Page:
The interlinked stories begin with the title story, with Chuy and Teresa, father and mother to eleven-year-old Oscar, in a frayed relationship. Chuy has cheated and has been thrown out of the house. Yet Chuy agrees to take care of Oscar while the mother is at work, and agrees again to take Oscar to a tile job at a neighbor’s house, where paralyzed Angélica supposedly performs miracles at the behest of her mother María. The parents’ struggle is partly about their son, what kind of man he should become, whether he should learn skills with his hands, or skills for college. The struggle is also within the father Chuy, his life “silent and a stuck way to be.”
In “Tacos Aztecas,” Israel tries to remember how to show Cristina that he loves her, after homophobic thugs killed their son Artemio behind Ben’s Grocery one year ago. Israel believes it is his fault Artemio died, because he encouraged his son “to change his mind about being a sissy.” A big family never happened for Israel and Cristina. Cristina’s mother worried the family would be cursed, because Artemio was conceived before marriage. History is a crushing burden rather than a fount of pride or possibilities. Cristina is also wracked with guilt, because she encouraged Artemio “to deny who he was,” to hide it from his father, instead of defending Artemio like a Matachin. Revealing their sins to each other, Israel and Cristina might create another chance for themselves.
“El Terrible” is a gem of a story for two reasons: the details are terrific—from the father-son relationship to the basic skills of boxing—and the message about what work should mean, not labor, not the 9-to-5 grind, but work as caring about what you do, that message is so important. Martín is cut from the basketball team, and attends a school of “bored looking teachers and students.” His father José, a bus driver, has other plans for his son: to fight The Deacon’s kid—a star quarterback and “the biggest Mexican” Martín had ever seen—and to teach his son the skills and discipline of boxing.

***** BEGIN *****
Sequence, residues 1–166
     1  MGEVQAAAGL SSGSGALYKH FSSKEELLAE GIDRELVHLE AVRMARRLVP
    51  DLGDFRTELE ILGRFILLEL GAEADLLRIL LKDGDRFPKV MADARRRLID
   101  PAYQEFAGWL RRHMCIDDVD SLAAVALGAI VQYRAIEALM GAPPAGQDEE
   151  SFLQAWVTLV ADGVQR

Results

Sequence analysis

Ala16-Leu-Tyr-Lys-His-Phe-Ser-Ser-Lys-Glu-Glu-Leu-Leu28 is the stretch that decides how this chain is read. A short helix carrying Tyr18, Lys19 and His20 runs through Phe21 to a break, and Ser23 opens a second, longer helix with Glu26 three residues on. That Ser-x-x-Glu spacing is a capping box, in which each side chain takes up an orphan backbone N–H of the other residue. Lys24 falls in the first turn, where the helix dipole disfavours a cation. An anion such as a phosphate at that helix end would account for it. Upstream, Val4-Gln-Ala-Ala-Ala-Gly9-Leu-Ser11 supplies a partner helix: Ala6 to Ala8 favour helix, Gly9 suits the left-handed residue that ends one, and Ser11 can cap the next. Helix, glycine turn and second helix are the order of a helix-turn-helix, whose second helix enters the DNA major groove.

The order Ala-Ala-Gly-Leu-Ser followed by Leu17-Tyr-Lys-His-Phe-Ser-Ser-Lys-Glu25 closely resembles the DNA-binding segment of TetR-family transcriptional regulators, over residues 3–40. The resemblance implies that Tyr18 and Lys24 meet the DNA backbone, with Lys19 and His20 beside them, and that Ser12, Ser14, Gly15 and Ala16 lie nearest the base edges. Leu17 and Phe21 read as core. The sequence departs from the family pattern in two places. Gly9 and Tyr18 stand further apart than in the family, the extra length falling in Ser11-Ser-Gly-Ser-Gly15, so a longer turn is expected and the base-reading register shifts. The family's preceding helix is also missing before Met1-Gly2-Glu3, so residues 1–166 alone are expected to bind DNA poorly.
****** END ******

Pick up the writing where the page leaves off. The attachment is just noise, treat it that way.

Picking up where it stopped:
At school, the promise of the fight takes on a life of its own, and Martín can’t back out. At home, Martín thinks his father is crazy and doesn’t know anything about boxing. But among the highlights of their training, José shows his son how waiting is sometimes better than attacking, the crucial lesson of counter-punching. Martín learns something new about his father, and himself, and why seriousness of purpose transforms the meaning of all work.
The language in Twitching Heart brings the reader to an authentic El Paso: homes are “chantes” and deflowering a young woman is “taking her cherry.” Even the right way to prepare and use thinset for setting floor tile brings you to the ground. Not the literal ground, of course, but that ground of the Chicano working-class too often overlooked in literature. This is the stuff that brings you to a place, and that brings to life a people. This is also what we should never be ashamed to explore, to criticize, and to laugh about: our struggling lives, with their imperfections and idiosyncrasies, our mannerisms and concerns, whether philosophical or stupid.
When we can do that artfully, then we have taken steps to value these lives from El Paso, and simultaneously we have taken steps to understand them and even transcend them. Matt Méndez succeeds on these counts in his admirable debut of stories in Twitching Heart.
(This book review originally appeared in the El Paso Times on February 17, 2013.)